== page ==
BOOMERANGS AS IRONY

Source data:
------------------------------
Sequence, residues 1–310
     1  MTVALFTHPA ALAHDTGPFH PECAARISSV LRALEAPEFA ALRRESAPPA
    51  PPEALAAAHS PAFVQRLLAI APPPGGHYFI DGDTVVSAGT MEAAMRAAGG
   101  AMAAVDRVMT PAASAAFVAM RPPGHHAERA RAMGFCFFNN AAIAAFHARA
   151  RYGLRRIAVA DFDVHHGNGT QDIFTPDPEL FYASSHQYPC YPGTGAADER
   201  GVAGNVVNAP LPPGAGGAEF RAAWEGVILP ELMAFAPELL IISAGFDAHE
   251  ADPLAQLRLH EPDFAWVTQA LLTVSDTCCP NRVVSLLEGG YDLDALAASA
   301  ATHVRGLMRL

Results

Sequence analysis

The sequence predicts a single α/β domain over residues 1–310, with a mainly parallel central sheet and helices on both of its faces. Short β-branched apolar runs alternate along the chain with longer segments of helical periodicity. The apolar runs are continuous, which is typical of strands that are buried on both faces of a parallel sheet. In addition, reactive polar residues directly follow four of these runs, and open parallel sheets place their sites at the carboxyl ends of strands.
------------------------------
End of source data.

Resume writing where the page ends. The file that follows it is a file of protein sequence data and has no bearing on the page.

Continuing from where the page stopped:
The Warner Bros. Blu-ray of Who’s Afraid of Virginia Woolf? marks the 50th anniversary of what remains an example of fearless movie making by a first time director. Mike Nichols wanted to helm ever since he saw the original Broadway production. He had two good friends who made sure it happened when, to his and everyone else’s surprise, Elizabeth Taylor and Richard Burton signed on to play Martha and George. Established movie directors were first choice—names like Fred Zinnemann and John Frankenheimer—but in signing Taylor, studios usually gave her what she wanted and she, and Burton too, wanted Nichols. Jack Warner was anxious about having a novice bring to the screen the controversial Edward Albee stinger top-heavy with, at the time, taboo language. (“Dirty words” had been heard before but never so frequently in one movie; now they sound PG-13.) Nichols’s successful track record on Broadway aside, his close relationships with the Burtons, George Segal and Sandy Dennis would be crucial in getting the kinds of performances he needed. Having the clout to tell Taylor she needed much more work than the others, she reportedly bristled, though the criticism he delivered was private. He also knew she was the star power to get the movie beyond the upcoming battles with the censors and the National Catholic Office for Motion Pictures, aka the Legion of Decency. Rejecting Ernest Lehmann’s original adaptation, Nichols stuck to Albee’s basic neurotic rot and verbal assaults and refused to provide any protection shots, though a dub accommodating the L of D’s objection of “Screw you!” to “God damn you!” remains inexplicable. Mindful of the double gamble, Taylor accepted his guidance, found excitement in creating her own bitch, willing to fatten up and look blowsy, helping add touches of humor and incidental busywork (like munching chicken from the frig and returning the bare bones to it; shoving scattered ashtrays in drawers, throwing soiled undies under bedspreads or behind furniture). In the last fourth of the picture, starting with her “sad, sad, sad” monologue at the kitchen screen door, the mesmerizing mini colossus at five feet two inches manages to rise up to humanize Martha the monster. The weight of fame, however, was never going to be fully negated by Taylor who, as the eye-glued center of interest, had just a few cards to play in order to thwart it. One powerful card is her ability to appear to instinctually interact with Haskell Wexler’s invasive camera. Of course, in reality, like most of the other contract players and beauties, she was a working class student of the MGM school of acting stressing, at the expense of the “art” of acting, the mechanics of continuity in hitting the marks and reciting dialogue consistently for editing of multiple takes and camera angles, careful to ignore the camera’s intrusiveness while at the same time playing to it. If her detractors say she maturated into the essence of those mechanics, the intended slam is nevertheless praise—formidable professionalism as second nature. As Martha, this expertise remains unmatched; there’s alchemy in what she delivers and what Wexler captures. Nichols’ concerns about deficiencies in her transmission he thought she was showing while watching her do takes dissolved when he saw what she was achieving on celluloid, a heightened sensorial experience. To answer the charge of being undisciplined in academic skills to be totally in character, she counters with the additional card of entitlement, having earned the right to give it a go, to use the untapped thrust of her outsized celebrity, irreversibly embedded in our cultural and social consciousness, to unleash a seasoned debauchery.